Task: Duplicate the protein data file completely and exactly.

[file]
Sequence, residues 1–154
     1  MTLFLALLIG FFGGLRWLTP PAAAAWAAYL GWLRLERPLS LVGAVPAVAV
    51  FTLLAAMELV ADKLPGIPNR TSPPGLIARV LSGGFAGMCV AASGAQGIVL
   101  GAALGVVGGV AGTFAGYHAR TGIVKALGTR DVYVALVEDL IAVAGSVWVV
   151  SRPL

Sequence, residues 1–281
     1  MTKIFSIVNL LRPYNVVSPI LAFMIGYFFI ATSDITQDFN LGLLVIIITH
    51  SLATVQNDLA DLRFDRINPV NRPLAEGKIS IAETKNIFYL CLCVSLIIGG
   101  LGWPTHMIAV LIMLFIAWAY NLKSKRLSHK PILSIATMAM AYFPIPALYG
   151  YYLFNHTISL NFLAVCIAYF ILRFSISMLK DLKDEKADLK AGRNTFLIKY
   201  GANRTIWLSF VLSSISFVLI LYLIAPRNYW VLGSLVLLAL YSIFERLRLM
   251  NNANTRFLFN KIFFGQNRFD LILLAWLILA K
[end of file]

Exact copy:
Sequence, residues 1–154
     1  MTLFLALLIG FFGGLRWLTP PAAAAWAAYL GWLRLERPLS LVGAVPAVAV
    51  FTLLAAMELV ADKLPGIPNR TSPPGLIARV LSGGFAGMCV AASGAQGIVL
   101  GAALGVVGGV AGTFAGYHAR TGIVKALGTR DVYVALVEDL IAVAGSVWVV
   151  SRPL

Sequence, residues 1–281
     1  MTKIFSIVNL LRPYNVVSPI LAFMIGYFFI ATSDITQDFN LGLLVIIITH
    51  SLATVQNDLA DLRFDRINPV NRPLAEGKIS IAETKNIFYL CLCVSLIIGG
   101  LGWPTHMIAV LIMLFIAWAY NLKSKRLSHK PILSIATMAM AYFPIPALYG
   151  YYLFNHTISL NFLAVCIAYF ILRFSISMLK DLKDEKADLK AGRNTFLIKY
   201  GANRTIWLSF VLSSISFVLI LYLIAPRNYW VLGSLVLLAL YSIFERLRLM
   251  NNANTRFLFN KIFFGQNRFD LILLAWLILA K